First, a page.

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Mental well-being

The Heights list of braincare habits

Want to boost your braincare routine? Take a look at our complete list of the best braincare habits you can start now.

September 14, 2021
5 min read

The trick to building a habit is to start small. That’s as true for braincare as it is for anything else. Find something that you can do every day, without fail, and watch the benefits compound, growing disproportionate to the effort you’re putting in. That’s when the magic starts to happen.

We talk a lot about habits and how they relate to braincare. But we’ve now put together a complete guide to the best braincare habits, as recommended by people at Heights. 

Article breakdown

Why do braincare habits matter?

Braincare can feel a bit of a foreign concept. But it’s just the things that we do to look after our brains. When you put it like that, it doesn’t sound so intimidating. Think about the routines you have already—maybe a skincare routine, maybe haircare, maybe fitness. Whatever it is, we all have things that we do every day, to make us feel better. And given that your brain is responsible for everything we feel, that seems like as good a place as any to begin.

Braincare isn’t something you can try once and be done with. It’s a process, an ongoing series of habits and systems that add up to help your brain—and therefore you—flourish. It’s intensely personal, and what works for one person won’t necessarily work for another. But we’ve got to start somewhere.

The best braincare habits

We’ve taken each pillar of braincare, and listed a few good habits to get into. That said, there are all sorts of things you can do to look after your brain, and you shouldn’t feel limited by what we’ve listed below. Neither should you feel overwhelmed—you don’t need to start doing all thirty by next week. Even just trying one of these can make a difference. 

So take a look, and see what speaks to you.


  • Add 3 ingredients from the MIND diet into your everyday meals—this NHS-backed diet has been shown to reduce the risk of developing Alzheimer’s.

  • Slow down—being mindful of the tastes and textures you're experiencing helps you increase the diversity of your diet.

  • Eat a handful of berries or nuts a day—these are both great for an energy-boosting snack on the go.


  • Take a minute to recognise your breath, and slow it down—our breathing patterns matter, so we need to be aware of them.

  • Try a daily breathing exercise—introduce something like humming bee’s breath or lion’s breath to your everyday routine.

  • Focus on exhaling longer than you’re inhaling—for example, breathe in for 4 secs and out for 6 secs.


  • Meditate for 10 minutes—we’ve got a guide on how to get started here.

  • Write down one thing you're grateful for—it sounds corny, but it’s excellent for your brain.

  • Get creative—even a doodle on a scrap of paper between tasks can get the creative juices flowing.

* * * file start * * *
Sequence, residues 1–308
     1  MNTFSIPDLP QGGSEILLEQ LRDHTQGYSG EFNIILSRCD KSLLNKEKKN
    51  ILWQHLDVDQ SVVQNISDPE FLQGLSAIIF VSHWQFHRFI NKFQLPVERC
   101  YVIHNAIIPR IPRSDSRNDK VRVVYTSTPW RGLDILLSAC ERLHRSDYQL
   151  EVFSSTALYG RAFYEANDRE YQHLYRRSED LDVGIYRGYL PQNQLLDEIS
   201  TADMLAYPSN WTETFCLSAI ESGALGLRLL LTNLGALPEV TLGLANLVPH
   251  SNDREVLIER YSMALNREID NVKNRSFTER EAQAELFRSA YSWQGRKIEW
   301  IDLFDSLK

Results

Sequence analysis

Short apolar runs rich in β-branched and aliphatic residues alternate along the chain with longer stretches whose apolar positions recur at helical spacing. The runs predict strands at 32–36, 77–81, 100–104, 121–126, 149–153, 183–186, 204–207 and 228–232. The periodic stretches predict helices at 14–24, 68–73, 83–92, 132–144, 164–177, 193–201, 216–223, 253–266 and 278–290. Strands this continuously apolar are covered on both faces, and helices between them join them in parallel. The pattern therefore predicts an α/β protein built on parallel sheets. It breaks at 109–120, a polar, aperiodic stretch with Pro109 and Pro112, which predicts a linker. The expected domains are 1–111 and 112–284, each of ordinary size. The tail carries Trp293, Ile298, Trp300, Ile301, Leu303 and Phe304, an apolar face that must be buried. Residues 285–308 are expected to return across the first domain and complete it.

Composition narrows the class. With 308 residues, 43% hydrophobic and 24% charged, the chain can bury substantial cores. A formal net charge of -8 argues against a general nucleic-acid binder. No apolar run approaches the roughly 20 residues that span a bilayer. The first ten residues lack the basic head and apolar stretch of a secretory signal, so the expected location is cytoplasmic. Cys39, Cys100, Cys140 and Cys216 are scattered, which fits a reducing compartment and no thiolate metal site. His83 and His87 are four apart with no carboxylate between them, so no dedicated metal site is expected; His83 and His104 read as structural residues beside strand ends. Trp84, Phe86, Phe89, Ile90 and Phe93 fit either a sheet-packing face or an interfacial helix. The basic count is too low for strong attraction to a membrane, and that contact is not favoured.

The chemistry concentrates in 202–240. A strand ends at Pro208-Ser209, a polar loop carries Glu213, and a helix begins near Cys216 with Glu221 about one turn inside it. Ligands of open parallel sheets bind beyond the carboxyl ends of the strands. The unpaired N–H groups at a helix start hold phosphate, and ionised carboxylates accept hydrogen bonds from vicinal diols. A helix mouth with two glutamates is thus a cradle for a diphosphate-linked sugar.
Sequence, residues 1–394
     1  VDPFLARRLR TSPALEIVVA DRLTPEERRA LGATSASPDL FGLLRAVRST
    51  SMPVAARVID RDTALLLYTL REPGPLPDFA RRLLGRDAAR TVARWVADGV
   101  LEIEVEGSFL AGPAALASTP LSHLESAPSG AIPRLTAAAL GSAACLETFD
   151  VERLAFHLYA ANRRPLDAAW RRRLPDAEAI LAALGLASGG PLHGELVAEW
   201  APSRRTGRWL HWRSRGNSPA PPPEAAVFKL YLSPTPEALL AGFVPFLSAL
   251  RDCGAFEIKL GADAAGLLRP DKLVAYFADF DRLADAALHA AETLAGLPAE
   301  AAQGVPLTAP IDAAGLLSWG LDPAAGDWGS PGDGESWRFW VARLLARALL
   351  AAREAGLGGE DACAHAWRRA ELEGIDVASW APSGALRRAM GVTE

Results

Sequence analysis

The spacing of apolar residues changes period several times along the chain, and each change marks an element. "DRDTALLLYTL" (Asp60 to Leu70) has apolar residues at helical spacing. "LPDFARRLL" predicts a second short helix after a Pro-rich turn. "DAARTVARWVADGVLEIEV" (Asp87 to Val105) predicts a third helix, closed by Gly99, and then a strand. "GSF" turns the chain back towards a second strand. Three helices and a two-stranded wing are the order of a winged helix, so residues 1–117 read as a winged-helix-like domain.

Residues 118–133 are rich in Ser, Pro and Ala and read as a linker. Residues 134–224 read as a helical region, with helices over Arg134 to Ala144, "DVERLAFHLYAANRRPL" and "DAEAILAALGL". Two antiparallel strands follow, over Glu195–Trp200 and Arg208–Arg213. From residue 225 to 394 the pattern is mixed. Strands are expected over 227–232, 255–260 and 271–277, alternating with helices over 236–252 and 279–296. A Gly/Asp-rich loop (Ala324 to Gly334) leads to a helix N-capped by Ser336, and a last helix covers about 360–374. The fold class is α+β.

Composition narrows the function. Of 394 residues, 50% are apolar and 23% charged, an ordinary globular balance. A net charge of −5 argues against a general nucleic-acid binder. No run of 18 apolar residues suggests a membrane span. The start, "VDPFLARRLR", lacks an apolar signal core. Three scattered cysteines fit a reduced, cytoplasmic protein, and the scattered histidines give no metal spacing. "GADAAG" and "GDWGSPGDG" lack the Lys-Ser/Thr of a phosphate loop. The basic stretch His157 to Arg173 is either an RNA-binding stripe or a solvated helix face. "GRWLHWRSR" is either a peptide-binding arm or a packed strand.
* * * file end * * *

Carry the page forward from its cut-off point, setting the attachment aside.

• Drink enough water—that’s 0.5L a day for every 15kg of body weight (also an excuse to buy a pretty water bottle).

  • Have a glass of water when you first wake up—this will help flush out any toxins built up over the night.

  • Swap out a cup of tea or coffee with a big glass of water instead—add some fruit or herbs if you want to get fancy.


  • No coffee after lunch—there’s still 25% of that caffeine sloshing around your body 12 hours later.

  • Keep your room cool before heading to bed—open a window or put on a fan half an hour beforehand can improve your quality of sleep.

  • Avoid big meals or workouts too close to bedtime—try to keep the two hours before bed relaxed and calm.


  • Go for a walk—you could squeeze a couple of 15-minute strolls into your day, or if you’re struggling to find a window, schedule a walking meeting.

  • Try a series of stretches—you won’t believe how much better you’ll feel afterwards.

  • Put on your favourite playlist and dance around the kitchen for 10 minutes—living room and bedroom would also be acceptable. 


  • Give someone a compliment—you’ll make their day, and help your brain in the process.

  • Forgive someone you’ve been holding a grudge against—we’ve all got people we should let off the hook.

  • Do something kind for someone else—like a compliment, it’ll benefit both you and them.


  • Learn a new fact, and write it down—by spelling it out, you’re engaging your brain, and helping your memory.

  • Do a puzzle—if you’ve never known how to solve a sudoku, now’s the time to learn.

  • Try out a new recipe—learning isn’t just about books. Food works with all five senses (plus you end up with something delicious afterwards).

Digital diet

  • Charge your phone overnight in a different room—it’ll take away the temptation to check Twitter as soon as you wake up.

  • Switch off all screens at least 1 hour before bed—this one’s hard, but even if you only manage 20 minutes, it’ll make a difference.

  • Download a screen-time tracking app—screens can be great, but it’s important to stay mindful of how we use them.


  • Write down three positive things about yourself—it might be embarrassing to begin with, but you’ll help build your sense of self-worth.

  • Make time to see a friend or loved one this week—we’re social animals, and interaction is vital for both brain health and mental health.

  • Listen to binaural beats—this type of sound therapy can help reduce stress and improve your mood.

That’s a lot to take in. But hopefully, there’ll have been one or two ideas that you vibe with. Because this isn’t a sprint. Start with one idea, and try to keep it up. Try to turn it into a habit. Then maybe pick another, and get the ball rolling there. Then a third, a fourth, a fifth… You get the idea.

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